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THE VIEW From Technology Creation to Deployment André Vits

How machine vision has changed the way we collect data and supports decision making

André Vits is the former Head of Unit of the European Commission’s DG INFSO


hen Kevin Borras, editor in chief of this magazine, suggested that I might like

to write a column on machine vision, I went back through the last few issues of Tinking Highways and was surprised by the wealth of information that has been published over the last year about the subject, and indeed whatever traffic management-related topic we could discuss it seems as though machine vision has become the key technology. From the early stages of the expansion

of road traffic, engineers have made use of visual equipment to bring a sense of reality into a picture. Who doesn’t remember the pictures in the Highway Capacity Manual illustrating the definition of the Levels of Service? Te same pictures today look quite different, as traffic density and volumes have gone far beyond those levels of 1800 vehicle units per lane per hour. As video cameras came into the

market, it wasn’t long before traffic control centres were equipped with a limited number of (analogue) models. However, cost and cabling were prohibitive for wide deployment. Pneumatic tubes and inductive lopes were the standard equipment for registering traffic speeds and volumes and, naturally, manual traffic counts and vehicle classifications were carried out by students. As the first digital cameras appeared,

many researchers, including myself, saw the opportunity to process pixel data and find new ways to collect data. Major success had already been achieved in image processing, in particular in the medical sector,


and the availability of cheap(er) processing power that came with the PC made it possible to experiment in a real transport environment. In the early 1980s we developed a

traffic camera at the Catholic University of Leuven using a 124x64 CCD array. Te speed of the car was calculated by using two lines of the array (aſter transformation of the road surface onto the sensor) to trigger a counter, thus simulating a pneumatic speed detector. Tis resulted (aſter a lot more industrial development work) in the commercialisation by Traficon (now Flir ITS) of high performing traffic monitoring cameras. Today, we have a wide range of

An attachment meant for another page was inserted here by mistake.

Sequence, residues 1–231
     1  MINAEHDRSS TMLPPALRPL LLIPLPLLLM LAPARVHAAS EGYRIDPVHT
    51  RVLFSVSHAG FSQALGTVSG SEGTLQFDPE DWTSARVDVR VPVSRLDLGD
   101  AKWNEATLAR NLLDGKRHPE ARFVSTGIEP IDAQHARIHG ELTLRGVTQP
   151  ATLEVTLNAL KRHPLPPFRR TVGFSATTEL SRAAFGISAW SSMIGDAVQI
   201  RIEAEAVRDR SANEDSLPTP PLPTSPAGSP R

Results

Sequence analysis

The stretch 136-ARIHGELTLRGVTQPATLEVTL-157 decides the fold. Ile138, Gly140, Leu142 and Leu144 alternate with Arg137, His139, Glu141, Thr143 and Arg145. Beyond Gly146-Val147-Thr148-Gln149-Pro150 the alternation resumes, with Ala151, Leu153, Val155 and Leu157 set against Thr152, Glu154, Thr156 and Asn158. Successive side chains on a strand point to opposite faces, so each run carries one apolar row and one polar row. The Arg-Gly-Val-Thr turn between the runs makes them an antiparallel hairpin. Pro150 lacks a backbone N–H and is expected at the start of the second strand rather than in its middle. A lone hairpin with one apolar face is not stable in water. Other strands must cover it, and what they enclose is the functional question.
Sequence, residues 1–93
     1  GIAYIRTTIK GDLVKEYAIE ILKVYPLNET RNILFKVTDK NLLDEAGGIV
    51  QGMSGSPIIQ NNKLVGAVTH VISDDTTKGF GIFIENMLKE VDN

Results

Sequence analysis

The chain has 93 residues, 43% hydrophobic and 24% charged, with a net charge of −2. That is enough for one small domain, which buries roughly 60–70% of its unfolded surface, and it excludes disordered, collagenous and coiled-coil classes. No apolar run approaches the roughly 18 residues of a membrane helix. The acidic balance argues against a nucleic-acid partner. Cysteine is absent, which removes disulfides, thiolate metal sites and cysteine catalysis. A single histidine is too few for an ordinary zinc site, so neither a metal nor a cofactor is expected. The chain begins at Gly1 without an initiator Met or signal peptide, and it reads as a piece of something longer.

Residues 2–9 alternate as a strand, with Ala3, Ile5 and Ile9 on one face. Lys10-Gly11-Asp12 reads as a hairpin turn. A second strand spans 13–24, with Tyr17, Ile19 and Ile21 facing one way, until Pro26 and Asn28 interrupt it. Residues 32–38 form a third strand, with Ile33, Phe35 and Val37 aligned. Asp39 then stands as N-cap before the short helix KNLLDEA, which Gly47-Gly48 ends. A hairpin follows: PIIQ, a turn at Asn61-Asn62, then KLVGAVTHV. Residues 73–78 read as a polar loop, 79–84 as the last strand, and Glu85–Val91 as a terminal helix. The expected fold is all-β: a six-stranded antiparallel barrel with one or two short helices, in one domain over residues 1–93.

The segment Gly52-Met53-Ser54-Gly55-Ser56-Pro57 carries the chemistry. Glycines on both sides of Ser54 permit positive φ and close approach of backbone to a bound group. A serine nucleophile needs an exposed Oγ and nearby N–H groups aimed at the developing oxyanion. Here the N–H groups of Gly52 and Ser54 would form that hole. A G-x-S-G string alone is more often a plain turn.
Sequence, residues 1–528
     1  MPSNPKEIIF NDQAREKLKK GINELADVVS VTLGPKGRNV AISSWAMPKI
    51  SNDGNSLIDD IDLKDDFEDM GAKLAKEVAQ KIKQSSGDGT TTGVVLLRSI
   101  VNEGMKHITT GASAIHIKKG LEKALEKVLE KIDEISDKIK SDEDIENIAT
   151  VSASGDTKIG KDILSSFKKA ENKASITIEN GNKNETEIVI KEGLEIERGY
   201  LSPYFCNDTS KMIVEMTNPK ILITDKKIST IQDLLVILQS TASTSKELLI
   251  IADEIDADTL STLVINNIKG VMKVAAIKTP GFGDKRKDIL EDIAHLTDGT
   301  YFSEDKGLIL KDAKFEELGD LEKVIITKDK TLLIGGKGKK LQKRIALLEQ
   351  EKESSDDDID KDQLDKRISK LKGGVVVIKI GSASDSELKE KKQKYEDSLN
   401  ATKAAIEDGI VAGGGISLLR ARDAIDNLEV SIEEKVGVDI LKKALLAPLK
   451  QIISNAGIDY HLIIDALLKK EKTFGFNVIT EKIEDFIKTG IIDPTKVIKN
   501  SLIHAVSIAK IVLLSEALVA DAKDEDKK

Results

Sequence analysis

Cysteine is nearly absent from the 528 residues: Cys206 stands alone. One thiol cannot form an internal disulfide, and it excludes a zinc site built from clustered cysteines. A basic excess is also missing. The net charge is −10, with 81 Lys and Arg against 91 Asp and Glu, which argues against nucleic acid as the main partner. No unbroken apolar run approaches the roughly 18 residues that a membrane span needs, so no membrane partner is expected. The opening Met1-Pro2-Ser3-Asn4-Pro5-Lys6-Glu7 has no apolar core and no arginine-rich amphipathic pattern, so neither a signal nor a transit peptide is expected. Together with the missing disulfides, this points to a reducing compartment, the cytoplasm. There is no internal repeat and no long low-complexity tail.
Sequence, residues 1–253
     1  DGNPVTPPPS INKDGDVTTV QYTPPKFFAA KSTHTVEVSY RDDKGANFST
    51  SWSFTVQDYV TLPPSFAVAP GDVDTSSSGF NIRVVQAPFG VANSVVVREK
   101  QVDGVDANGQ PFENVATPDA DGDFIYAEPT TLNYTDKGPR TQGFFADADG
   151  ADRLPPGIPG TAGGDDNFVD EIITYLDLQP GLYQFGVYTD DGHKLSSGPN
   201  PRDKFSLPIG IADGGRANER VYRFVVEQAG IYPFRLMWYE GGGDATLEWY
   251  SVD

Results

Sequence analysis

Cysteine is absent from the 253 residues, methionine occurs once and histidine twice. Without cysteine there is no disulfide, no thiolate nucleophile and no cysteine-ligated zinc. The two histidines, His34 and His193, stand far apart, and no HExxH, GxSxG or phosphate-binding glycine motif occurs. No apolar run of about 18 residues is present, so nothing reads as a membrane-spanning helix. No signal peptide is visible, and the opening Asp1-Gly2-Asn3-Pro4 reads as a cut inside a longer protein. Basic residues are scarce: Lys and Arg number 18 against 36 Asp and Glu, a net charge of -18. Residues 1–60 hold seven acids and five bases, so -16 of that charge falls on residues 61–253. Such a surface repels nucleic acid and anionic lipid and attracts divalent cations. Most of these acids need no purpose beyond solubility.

cameras available that give high levels of flexibility in the design of traffic management systems at a minimum cost. But, the information provided by the manufacturers is complex and describes the functionalities from an IT point of view, than from a traffic engineering angle. Te reason is perhaps is that the final performance of the system depends not only from the sensor but on the grand design. Still, more transparency from the technology suppliers would be highly appreciated by the traffic operation managers. Perhaps the most spectacular

progress has been made in the area of automatic number plate recognition (ANPR), the core of most toll facilities, average travel speed monitoring, and enforcement schemes. For many years the automotive

industry has considered radar technology as the most appropriate for applications such as Advanced Cruise

Control, Lane Departure and so on. Tis technology is, however, expensive and can usually only be found in executive cars, but more camera-based systems are becoming available on the market. Te adoption of the EU Directive

We have a wide range of cameras available that give high levels of flexibility in the design of traffic

management systems at a minimum cost

2003/102, relating to the protection of pedestrians and other vulnerable road users, has triggered concerted research initiatives by the automotive industry to develop pedestrian detection systems and appropriate warning and automatic braking systems. Te Directive set limit values to be observed in the construction of the frontal structures of vehicles. Tese values should not be exceeded in a collision between a vehicle and a pedestrian. In order to ensure compliance, the vehicles would have to undergo a number of safety tests. What the Directive did do was give

the manufacturers the possibility to develop alternative measures that are at least as effective as those in the Directive. Given the difficulties and the cost associated with it and to comply with the conditions set in the directive, the manufacturers have embarked upon the development of vision-based detection (using 2D and 3D cameras). As one can understand, the underlying algorithms are quite complex due to the huge variation in shapes to be accurately detected. However, several manufacturers are offering this function in their option list and perhaps in the near future it will be standard equipment. Pedestrian detection systems are also available as an aſtermarket add-on. I believe that machine vision is to

remain one of the key points of interest in the our professional world – for both traffic management and the emerging challenges of automated driving.

Vol 8 No 2 Europe/Rest of the World

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